Friday, November 8, 2013

Forgotten Books: BLUE CITY by Kenneth Millar (Ross MacDonald)

I read all the Lew Archer books a coon’s age ago, so I’ve probably forgotten how good they are. What I do remember is that somewhere in the middle Macdonald fell into a Sins of the Fathers formula and the plots got a little predictable.

Not so with Blue City. This one is fresh and exuberant, and a hell of a lot of fun. First published in 1946, Blue City was (I think) his third novel, and two years before the first Archer book. There’s a lot of proto-Archer style and attitude on display, and plenty of amazing prose. Archer himself made his debut that same year in EQMM.

Our hero is twenty-two year old John Weather, returning to his home town after five years of roaming. He’s been so out of touch that he's surprised to learn his father - the town’s number one citizen - has been dead two years. And he soon discovers he was out of touch before he left, never realizing his father built a corrupt political machine that's still going full steam.

Early on, the book reminded me of Red Harvest. John’s father sounds like Hammett’s Elihu Willson, who brought in strikebreakers to maintain control, then lost it as they refused to go away. But the story quickly moves in other directions, as John peels away layers of deception to discover who really controls the town and fights to take it away from them.

He finds it tough going. “I was beginning to feel a little bit like a salesman of something nobody wanted,” he says. “Or a billiard ball looking for a carom and finding nothing to hit. But I still felt like a special kind of billiard ball, not subject to the forces of gravity and friction.”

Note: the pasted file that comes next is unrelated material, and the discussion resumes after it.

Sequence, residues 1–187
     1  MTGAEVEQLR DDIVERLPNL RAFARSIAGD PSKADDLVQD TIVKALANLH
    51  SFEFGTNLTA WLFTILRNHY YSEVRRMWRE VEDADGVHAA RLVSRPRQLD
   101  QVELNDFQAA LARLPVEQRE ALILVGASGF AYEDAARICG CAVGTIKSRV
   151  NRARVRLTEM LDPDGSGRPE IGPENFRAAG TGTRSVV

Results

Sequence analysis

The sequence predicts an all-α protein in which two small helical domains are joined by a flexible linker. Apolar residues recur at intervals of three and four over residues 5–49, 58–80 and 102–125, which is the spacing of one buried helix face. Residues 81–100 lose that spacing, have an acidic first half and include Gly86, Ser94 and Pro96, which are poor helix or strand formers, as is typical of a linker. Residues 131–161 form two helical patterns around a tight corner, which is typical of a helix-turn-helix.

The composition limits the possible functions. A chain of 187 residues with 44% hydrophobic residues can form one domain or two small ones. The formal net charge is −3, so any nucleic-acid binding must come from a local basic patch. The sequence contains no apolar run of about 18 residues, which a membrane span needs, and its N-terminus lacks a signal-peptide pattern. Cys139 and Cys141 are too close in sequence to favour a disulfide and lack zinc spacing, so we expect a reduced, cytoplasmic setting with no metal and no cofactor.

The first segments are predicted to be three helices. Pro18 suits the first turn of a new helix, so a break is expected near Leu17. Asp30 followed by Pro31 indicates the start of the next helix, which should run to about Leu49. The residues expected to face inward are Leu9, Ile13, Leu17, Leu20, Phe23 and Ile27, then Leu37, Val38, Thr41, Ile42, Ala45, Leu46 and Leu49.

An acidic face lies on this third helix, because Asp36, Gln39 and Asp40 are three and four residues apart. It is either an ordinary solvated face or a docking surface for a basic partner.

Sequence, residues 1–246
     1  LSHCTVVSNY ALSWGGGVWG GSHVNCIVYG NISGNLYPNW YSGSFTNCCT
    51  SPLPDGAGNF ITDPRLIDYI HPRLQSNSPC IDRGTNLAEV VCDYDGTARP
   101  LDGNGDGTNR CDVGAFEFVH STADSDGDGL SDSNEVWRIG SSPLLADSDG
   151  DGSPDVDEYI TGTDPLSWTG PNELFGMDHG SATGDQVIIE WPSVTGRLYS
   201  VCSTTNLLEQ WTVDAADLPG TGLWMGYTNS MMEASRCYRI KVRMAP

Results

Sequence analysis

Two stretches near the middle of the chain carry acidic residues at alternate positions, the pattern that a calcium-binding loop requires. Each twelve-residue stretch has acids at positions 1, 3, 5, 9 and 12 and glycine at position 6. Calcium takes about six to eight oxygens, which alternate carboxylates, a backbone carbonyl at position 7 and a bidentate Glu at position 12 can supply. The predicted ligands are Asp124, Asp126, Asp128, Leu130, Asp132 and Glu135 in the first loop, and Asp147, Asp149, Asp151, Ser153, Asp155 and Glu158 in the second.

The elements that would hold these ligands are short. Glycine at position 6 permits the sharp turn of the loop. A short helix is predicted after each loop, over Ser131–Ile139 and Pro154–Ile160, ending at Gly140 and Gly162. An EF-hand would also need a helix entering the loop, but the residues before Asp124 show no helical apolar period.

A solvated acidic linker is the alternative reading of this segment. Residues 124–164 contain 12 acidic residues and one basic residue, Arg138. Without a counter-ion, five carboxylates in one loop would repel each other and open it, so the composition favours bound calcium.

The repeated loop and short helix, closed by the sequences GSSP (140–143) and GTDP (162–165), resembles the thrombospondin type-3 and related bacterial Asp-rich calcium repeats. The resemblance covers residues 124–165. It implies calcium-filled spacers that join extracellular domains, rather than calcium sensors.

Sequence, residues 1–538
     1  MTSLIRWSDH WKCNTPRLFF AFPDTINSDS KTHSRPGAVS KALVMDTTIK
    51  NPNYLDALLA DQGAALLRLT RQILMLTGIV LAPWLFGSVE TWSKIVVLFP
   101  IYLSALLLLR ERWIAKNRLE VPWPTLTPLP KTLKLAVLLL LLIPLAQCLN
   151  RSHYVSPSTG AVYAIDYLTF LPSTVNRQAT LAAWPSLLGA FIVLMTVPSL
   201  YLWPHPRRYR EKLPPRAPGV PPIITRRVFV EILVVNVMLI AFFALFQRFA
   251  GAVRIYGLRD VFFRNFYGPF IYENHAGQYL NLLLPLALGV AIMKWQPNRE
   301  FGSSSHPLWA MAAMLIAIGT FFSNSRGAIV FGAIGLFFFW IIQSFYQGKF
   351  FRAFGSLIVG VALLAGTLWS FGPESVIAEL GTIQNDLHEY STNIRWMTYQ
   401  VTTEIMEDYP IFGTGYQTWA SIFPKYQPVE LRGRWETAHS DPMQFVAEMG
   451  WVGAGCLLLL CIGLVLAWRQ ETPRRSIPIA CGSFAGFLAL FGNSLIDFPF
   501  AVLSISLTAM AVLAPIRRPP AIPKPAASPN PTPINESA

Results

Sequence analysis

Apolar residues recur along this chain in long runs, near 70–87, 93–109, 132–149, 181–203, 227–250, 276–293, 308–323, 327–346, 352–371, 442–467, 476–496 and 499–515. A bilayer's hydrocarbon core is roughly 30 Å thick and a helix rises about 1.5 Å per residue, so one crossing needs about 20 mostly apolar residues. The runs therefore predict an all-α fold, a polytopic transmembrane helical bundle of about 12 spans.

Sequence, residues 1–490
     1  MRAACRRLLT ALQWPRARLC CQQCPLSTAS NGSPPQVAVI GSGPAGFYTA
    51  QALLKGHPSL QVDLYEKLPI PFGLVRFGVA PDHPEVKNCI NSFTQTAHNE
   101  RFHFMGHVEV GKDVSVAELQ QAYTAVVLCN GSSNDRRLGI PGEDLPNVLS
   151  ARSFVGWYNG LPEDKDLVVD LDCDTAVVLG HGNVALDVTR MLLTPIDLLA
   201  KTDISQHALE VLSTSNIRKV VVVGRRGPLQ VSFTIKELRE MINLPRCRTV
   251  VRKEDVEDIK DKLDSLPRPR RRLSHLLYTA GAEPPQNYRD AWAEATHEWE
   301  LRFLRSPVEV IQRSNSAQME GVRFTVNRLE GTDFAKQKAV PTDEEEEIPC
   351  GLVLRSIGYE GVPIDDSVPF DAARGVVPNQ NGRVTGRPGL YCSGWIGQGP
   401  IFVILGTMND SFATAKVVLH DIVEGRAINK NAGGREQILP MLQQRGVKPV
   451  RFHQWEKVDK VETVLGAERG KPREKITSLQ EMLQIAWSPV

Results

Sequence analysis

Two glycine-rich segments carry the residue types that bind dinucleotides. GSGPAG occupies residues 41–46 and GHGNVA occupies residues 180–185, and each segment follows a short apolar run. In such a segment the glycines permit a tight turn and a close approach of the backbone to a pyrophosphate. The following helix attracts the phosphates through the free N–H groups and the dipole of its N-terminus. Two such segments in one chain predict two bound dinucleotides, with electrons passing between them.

MacDonald’s prose really shines when it comes to descriptions. Here’s our first look at the baddest bad guy: “Kerch was sitting at the desk counting money. His small, white hands moved quickly among the sheafs of green bills, like little naked birds in a garden of good things to eat. His wrists bulged out big above his hands, as if someone had bound his hands and blown air into the rest of him.”

Of another guy, our narrator says, “His face had thinned and dried, so that his smile was like carefully folded paper.”  And of his step-mother, “Her bright red hair stood above her pale face and neck like a curled, red flower on a stalk the sun had missed.”

Makes me want to trot out Millar/Macdonald’s first book, I Die Slowly (aka The Dark Tunnel) and take it for another spin.

More Macdonald (and other) Forgotten Books at pattinase.


Sergio (Tipping My Fedora) said...

Great review and great choice - I remember thinking that this was almost like a modern-day version of HAMLET. I remember also quite liking the 80s movie version starring Judd Nelson, though mostly I recall the Ry Cooder soundtrack!

Evan Lewis said...

Movie? Didn't know about that. Was it set in the '40s or the '80s?

stephen Mertz said...

They updated it to the 80s. Some hate it. I think it's ok. Great Ry soundtrack.

Evan Lewis said...

Thanks Steve. I like old Ry. I'll email you his version of Billy the Kid.

Rick Robinson said...

Though most people seem to think the early books are inferior, there are several I prefer to the big favorites or later ones. The writing seemed fresher even if it was derisive of Chandler.

Kelly Robinson said...

I'm nuts for those Dell mapbacks. The pictures alone made me drool.